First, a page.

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Abstract Detail

Teaching Section

Lu, Pei-Luen [1].

A theory of geometric application in plant morphology.

Mathematical biology and Theoretical biology are regarded as important interdisciplinary fields of academic study. After the genomics revolution in the late twentieth century, scientists started to show interest in these disciplines. In biology, plants are a dominant life form on earth. Most plants obtain energy from sunlight via photosynthesis and supply resource for most food networks. Although civilizations were built upon the basis of sustainable agriculture (economic botany), few people appreciate plants. The integrated research between mathematical biology and botany becomes important in recent years but few studies are associated with both research and education. This study develops an approach of theories of Euclidean geometry and solid geometry for plant morphological structure by using a popular horticultural plant, Dracaena marginata Lam. (Ruscaceae) native to Madagascar. First, this study considers that the shape among branches of trees or among needlelike leaves are polygons whereas the appearance of the tree, with the exception of the trunk, are spheres. Second, this study provides explanation and a theorem by a simple mathematical geometric proof. The recommendation of this study is to use plants as examples when teaching geometry in high school to help students make the connection with their natural surroundings and mathematics. This in turn may help to enhance students' interests in botany or mathematical biology or both, and to expose students to plant diversity.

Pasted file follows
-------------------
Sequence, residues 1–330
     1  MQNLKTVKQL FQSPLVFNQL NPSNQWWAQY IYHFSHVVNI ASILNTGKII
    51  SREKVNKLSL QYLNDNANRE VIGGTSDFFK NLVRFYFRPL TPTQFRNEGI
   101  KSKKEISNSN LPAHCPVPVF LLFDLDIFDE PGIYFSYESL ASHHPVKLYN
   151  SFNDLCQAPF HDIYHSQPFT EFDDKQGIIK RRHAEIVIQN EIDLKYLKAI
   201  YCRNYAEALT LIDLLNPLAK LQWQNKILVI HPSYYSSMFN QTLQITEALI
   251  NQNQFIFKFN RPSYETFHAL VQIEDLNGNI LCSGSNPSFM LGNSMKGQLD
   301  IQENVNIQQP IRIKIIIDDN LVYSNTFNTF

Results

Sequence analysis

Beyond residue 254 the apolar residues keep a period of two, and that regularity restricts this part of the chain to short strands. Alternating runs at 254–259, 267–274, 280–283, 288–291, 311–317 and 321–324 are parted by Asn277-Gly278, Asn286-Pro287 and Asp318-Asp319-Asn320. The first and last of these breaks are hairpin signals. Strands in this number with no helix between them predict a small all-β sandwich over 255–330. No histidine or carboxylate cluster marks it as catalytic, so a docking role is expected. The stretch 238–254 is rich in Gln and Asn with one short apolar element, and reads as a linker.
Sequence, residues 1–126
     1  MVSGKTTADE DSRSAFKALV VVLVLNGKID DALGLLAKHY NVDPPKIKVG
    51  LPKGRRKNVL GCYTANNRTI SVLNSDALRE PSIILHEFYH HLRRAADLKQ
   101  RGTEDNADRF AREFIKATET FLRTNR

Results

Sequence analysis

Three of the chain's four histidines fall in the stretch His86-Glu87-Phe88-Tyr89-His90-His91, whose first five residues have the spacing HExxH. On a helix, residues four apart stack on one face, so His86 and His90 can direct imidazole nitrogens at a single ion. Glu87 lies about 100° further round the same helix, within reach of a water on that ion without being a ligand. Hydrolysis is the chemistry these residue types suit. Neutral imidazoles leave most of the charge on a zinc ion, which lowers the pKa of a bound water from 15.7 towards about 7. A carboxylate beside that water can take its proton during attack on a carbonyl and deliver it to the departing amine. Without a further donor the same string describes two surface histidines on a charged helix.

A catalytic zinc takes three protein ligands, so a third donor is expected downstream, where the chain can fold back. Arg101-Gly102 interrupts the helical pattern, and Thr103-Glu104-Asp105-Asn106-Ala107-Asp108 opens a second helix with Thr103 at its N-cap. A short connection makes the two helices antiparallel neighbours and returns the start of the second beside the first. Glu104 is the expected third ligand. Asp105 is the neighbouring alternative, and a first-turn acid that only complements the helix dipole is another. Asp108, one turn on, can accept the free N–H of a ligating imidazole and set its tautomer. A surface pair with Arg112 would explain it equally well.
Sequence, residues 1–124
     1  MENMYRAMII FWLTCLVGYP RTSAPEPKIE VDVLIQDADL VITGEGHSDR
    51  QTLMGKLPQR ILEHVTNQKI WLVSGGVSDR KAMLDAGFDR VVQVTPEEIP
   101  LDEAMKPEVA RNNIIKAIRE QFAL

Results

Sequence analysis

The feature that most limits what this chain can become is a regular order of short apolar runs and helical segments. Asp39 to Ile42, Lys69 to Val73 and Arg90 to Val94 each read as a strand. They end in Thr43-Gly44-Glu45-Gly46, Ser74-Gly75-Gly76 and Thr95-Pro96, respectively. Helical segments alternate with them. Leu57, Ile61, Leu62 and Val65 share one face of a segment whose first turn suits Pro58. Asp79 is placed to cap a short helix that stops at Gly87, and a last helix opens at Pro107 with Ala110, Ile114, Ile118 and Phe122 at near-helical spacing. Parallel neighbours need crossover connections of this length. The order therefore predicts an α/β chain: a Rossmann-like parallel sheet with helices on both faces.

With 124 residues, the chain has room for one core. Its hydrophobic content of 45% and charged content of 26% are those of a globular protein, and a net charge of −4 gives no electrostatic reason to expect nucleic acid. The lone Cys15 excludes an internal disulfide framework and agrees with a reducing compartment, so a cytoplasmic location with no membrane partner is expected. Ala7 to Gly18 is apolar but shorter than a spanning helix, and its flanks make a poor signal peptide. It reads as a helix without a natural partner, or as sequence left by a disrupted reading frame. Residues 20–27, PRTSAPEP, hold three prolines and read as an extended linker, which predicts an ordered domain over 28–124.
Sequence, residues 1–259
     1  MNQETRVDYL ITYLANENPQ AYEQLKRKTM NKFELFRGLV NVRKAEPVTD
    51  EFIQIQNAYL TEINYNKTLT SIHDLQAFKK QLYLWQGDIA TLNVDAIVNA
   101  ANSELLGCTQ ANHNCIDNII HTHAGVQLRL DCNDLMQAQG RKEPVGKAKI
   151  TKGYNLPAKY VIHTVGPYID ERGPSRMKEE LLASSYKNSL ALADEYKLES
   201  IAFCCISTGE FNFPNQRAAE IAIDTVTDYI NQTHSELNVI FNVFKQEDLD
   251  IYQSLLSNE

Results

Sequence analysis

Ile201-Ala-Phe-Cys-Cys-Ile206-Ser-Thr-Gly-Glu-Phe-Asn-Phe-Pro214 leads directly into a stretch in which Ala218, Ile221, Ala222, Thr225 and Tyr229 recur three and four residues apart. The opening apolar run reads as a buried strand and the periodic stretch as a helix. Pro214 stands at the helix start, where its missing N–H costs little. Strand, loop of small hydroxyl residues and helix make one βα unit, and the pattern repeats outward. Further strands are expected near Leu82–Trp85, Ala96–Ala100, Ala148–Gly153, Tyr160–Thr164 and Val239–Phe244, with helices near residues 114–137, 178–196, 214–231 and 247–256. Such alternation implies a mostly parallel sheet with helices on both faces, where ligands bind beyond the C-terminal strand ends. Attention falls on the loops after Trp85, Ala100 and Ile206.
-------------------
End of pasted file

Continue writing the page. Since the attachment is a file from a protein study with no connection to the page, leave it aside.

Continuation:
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1 - Department of Botany, University of Hawaii at Manoa, 3190 Maile Way, Room 101, Honolulu, Hawaii, 96822, USA

Mathematical biology
Science Education
botany education
K-12 education.

Presentation Type: Poster:Posters for Sections
Session: P
Location: Ball Room & Party Room/SUB
Date: Monday, July 28th, 2008
Time: 12:30 PM
Number: PTS001
Abstract ID:313

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